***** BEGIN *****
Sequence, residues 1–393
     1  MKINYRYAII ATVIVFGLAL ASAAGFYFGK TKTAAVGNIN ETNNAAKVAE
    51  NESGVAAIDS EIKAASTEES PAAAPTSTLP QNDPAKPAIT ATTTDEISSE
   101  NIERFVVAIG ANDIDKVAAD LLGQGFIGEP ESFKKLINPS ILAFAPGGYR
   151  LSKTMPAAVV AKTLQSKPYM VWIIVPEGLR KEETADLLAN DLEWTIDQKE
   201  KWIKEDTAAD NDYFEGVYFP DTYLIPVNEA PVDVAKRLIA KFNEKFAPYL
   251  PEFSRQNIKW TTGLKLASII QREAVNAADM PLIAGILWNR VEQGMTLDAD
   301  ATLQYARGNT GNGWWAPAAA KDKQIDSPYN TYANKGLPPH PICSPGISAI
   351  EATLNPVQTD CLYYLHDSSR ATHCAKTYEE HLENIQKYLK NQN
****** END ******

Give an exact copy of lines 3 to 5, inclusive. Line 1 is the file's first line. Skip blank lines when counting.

    51  NESGVAAIDS EIKAASTEES PAAAPTSTLP QNDPAKPAIT ATTTDEISSE
   101  NIERFVVAIG ANDIDKVAAD LLGQGFIGEP ESFKKLINPS ILAFAPGGYR
   151  LSKTMPAAVV AKTLQSKPYM VWIIVPEGLR KEETADLLAN DLEWTIDQKE